Thespiae


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Thespiae

(thĕs`pē-ē'), ancient city of Greece, in S Boeotia, near Mt. Helicon (now Elikón) and SW of Thebes. The Thespians fought (479 B.C.) against the Persians at Thermopylae and Plataea. They joined (after 382 B.C.) the Spartans against their rivals, the Thebans. The famous statue of Eros by Praxiteles was a showpiece of Thespiae.
References in classic literature ?
He was forced by poverty to leave his native place, and returned to continental Greece, where he settled at Ascra near Thespiae in Boeotia
Perses, however, who is represented as an idler and spendthrift, obtained and kept the larger share by bribing the corrupt `lords' who ruled from Thespiae ("Works and Days", 37-39).
First having made our circuit to the Stoa of Sostratus and all the other places that could give us pleasure we then walked to the temple of Aphrodite, myself and Charicles enthusiastically, but Callicratidas unwillingly as it was to a womanly site/sight; it would have been more pleasurable for him, I believe, to exchange the Cnidian Aphrodite for the Eros at Thespiae. At the outset of Lycinus's description, the temple (naos) is presented as its own visual attraction, and stands for both the religious space and the statue-body it contains.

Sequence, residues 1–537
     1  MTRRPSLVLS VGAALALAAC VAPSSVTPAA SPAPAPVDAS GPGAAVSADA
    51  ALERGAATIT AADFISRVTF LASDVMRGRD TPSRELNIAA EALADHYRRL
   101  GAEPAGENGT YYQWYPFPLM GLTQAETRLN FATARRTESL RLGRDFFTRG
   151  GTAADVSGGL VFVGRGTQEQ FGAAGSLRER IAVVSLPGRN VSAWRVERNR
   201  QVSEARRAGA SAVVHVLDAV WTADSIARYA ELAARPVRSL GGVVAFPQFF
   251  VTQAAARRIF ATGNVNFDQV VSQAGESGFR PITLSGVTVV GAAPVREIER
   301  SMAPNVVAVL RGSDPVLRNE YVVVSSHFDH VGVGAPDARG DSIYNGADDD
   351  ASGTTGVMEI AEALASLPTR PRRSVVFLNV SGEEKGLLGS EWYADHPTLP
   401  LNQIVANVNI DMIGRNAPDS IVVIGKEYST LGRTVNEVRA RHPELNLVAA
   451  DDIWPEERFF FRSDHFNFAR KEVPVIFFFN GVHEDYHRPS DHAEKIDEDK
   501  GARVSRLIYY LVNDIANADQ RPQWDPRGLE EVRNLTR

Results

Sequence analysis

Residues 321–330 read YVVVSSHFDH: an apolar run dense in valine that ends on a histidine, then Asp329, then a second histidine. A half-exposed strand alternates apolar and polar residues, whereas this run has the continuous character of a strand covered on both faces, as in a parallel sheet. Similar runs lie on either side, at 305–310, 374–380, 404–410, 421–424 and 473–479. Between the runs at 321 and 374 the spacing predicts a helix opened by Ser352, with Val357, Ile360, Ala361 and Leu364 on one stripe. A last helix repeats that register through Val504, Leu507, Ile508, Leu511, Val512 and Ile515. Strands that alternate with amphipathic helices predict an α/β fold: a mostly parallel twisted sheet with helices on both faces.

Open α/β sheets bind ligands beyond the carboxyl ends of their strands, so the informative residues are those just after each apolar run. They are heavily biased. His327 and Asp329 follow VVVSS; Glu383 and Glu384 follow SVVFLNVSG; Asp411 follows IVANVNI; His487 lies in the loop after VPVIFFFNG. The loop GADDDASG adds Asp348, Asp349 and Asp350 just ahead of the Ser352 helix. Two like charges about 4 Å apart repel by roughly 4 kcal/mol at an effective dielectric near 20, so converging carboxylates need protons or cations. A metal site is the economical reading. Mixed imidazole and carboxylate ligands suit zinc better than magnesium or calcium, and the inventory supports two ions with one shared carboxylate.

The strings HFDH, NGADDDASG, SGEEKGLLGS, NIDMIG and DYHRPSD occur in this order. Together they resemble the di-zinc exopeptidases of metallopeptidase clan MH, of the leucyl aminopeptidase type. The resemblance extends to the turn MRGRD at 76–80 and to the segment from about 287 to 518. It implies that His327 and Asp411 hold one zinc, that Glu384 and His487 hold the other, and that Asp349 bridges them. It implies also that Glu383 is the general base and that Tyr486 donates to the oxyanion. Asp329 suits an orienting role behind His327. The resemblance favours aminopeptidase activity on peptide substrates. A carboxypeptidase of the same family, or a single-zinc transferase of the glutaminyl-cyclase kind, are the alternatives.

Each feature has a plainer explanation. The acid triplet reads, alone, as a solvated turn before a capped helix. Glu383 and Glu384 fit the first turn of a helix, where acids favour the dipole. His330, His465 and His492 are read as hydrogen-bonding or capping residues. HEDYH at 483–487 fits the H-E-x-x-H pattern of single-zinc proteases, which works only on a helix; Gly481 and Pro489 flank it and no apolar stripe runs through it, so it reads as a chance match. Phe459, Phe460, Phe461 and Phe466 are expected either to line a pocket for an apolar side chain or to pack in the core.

They came from the ancient Greek city of Thespiae but to me they still evoked thoughts of Bombardier 'Gloria'' Beaumont and his concert party and the enthusiasm of Mickey Rooney saying to Judy Garland: 'Let''s put the show on right here.'' And they did.
There were also as many as seven hundred soldiers from Thespiae and also some Thebans.
A background to the discussion is supplied by the story of the young man Bacchon `the handsome' and Ismenodora, a widow from Thespiae celebrated because of her wealth and family, and respectable as well (749C-F), Ismenodora clearly enjoyed the kind of reputation not shared by all widows in antiquity, who might well be the subject of disparaging comments (cf.